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Candied Lemon Peel, Two Ways

After making all of that lemonade concentrate (and it took about 20 lemons!) I had a whole bunch of perfectly good lemon peels that I just couldn’t let go to waste. So I decided to make candied lemon peel. I’d never tried to make candied peels before– I’ve candied kumquat slices before (tasty) and had a failure of candied blood orange slices (I let them boil too long in the syrup and they completely caramelized and burned)– so I thought it was about time to give it a try.

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Chocolate Decadence Cake

choc-decadence

I definitely inherited my love of chocolate from my dad– he’s a huge fan of chocolate, the darker the better, and back when the extra-dark chocolates weren’t widely available I remember him melting semisweet and unsweetened together to make his own bittersweet chocolate blocks, which he kept in the freezer and which I totally never pilfered for snacks… (whistles innocently)

In any case, when his birthday comes around, that’s my excuse to come up with rich, dark, decadent chocolate cake, the blacker the better. Having gone through the standard flourless chocolate cake recipes, a recipe involving layers of whipped and melted ganache, and an extremely dark chocolate ice cream (caused by my inadvertently doubling the amount of cocoa I was supposed to use… it was fabulous), this year I wanted to try something a little different.

This creation isn’t exactly a cake– or rather, it’s not just a cake. It’s really a combination/adaptation of three recipes I’ve had on the blog before– the basic chocolate cake, the nutella crunchies, and the easiest chocolate mousse ever. But they combine to make a fabulous amalgamation of flavors and textures that is a one-of-a-kind chocolate experience.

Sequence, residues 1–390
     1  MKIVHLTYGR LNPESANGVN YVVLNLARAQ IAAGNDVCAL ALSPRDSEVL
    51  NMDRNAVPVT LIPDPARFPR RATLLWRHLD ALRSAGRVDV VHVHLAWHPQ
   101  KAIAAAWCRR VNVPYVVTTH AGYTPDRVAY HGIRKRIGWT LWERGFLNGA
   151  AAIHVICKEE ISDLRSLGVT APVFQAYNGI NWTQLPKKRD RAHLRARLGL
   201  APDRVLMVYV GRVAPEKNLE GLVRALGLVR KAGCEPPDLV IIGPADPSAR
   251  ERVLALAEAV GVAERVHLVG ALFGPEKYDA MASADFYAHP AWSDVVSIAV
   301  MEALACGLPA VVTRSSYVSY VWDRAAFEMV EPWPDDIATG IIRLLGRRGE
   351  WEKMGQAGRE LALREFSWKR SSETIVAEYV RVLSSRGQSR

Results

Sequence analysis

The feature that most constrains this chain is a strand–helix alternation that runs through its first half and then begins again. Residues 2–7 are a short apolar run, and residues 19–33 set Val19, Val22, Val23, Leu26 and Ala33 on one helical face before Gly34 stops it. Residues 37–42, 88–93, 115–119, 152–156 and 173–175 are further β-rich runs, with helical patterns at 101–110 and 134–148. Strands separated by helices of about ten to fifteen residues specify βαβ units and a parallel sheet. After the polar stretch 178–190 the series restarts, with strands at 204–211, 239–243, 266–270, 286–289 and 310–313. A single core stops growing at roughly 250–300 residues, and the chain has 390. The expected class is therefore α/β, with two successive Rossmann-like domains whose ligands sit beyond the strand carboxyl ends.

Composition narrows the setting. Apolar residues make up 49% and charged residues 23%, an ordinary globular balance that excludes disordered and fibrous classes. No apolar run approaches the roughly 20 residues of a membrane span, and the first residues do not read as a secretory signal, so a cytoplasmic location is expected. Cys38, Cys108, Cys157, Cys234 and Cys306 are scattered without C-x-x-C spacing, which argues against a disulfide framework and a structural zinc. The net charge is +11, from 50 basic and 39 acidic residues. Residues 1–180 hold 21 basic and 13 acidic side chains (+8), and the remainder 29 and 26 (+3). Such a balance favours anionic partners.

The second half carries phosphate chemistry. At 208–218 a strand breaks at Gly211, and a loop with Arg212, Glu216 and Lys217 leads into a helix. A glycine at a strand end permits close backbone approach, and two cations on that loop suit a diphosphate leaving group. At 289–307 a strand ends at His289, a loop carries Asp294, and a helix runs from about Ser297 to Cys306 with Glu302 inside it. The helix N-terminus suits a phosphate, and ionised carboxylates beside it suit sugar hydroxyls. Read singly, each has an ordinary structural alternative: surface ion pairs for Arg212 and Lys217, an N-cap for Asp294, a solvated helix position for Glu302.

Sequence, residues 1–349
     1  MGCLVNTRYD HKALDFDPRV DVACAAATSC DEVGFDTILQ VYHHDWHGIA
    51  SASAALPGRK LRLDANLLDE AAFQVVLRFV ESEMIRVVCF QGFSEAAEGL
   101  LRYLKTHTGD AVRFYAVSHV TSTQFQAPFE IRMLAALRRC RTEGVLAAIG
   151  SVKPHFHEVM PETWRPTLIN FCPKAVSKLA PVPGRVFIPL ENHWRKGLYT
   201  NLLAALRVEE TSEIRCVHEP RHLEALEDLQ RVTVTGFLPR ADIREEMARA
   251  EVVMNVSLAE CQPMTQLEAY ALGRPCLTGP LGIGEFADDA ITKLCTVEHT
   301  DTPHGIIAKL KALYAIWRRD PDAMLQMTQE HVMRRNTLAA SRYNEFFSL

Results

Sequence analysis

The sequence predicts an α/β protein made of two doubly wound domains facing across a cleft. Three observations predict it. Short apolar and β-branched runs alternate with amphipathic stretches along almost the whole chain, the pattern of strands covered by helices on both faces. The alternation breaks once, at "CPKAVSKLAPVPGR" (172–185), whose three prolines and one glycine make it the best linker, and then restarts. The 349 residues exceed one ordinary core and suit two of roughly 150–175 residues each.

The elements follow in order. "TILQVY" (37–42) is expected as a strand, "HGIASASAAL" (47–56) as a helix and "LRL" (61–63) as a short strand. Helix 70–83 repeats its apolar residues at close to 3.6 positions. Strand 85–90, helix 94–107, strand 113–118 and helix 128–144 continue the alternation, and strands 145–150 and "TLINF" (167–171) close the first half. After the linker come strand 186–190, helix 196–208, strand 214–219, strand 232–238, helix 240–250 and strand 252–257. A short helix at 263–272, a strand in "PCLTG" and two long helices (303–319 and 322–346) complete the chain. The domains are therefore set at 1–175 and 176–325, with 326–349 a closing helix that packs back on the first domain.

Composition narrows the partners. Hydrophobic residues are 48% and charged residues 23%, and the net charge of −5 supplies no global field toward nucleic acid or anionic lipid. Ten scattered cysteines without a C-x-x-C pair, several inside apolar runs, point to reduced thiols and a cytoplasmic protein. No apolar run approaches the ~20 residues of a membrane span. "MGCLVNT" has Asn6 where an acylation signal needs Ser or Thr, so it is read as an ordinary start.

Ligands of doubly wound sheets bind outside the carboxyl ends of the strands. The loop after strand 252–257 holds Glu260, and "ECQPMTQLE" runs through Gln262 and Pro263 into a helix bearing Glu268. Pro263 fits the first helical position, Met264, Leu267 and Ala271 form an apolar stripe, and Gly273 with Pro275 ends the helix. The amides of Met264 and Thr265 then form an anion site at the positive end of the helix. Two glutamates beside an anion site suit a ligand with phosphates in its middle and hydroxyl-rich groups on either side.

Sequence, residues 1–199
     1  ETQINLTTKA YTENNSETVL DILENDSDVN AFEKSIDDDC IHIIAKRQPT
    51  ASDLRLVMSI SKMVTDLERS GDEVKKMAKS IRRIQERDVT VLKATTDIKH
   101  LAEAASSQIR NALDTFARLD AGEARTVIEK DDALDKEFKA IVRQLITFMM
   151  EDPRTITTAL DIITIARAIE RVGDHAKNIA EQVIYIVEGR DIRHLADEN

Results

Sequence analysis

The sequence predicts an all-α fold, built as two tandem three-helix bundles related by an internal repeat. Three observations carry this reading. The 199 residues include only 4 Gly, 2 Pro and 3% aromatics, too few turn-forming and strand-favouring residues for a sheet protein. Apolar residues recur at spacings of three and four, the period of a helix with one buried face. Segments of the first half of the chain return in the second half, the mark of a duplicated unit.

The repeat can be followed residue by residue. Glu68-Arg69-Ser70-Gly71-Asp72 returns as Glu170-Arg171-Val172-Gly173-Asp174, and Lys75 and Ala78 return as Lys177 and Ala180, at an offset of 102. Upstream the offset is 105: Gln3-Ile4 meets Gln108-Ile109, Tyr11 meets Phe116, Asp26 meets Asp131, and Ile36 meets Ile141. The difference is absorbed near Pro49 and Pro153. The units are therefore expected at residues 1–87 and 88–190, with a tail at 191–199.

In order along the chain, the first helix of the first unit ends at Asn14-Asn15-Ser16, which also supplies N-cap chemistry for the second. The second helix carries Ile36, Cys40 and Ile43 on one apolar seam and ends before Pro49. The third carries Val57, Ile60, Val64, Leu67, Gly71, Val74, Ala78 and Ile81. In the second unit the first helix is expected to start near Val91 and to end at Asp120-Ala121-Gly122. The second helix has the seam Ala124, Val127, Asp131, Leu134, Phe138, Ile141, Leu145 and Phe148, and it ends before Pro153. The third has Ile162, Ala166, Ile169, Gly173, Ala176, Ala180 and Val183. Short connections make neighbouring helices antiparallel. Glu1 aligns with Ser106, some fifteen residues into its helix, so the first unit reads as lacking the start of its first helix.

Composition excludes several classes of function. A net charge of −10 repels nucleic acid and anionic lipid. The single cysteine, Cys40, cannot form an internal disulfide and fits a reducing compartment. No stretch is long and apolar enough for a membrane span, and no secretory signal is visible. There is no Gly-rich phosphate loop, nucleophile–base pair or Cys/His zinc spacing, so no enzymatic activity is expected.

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Chocolate Nutella Crunchies

nutella-crunchies

I was recently faced with an emergency– I needed to make something sweet and decadent for a work gathering, and I basically had an hour to make it. Talk about short notice! (well, it wasn’t really that short– I’d known the night before I needed to make something and then completely forgot until I woke up the next morning) I took a quick survey of my pantry ingredients and was inspired by the Honey Cornflake Crunchies I’d made earlier, along with a jar of Nutella on the shelf.

For a starting point I googled “nutella cornflake cookies” and found a recipe for a no-bake candy involving just three ingredients– cornflakes, Nutella, and chocolate. How could I go wrong with those? I fiddled with the recipe a bit, doubling it. substituting dark chocolate for milk chocolate (I always have dark chocolate on hand) and adding more cornflakes for texture, but it really couldn’t be easier. And the results?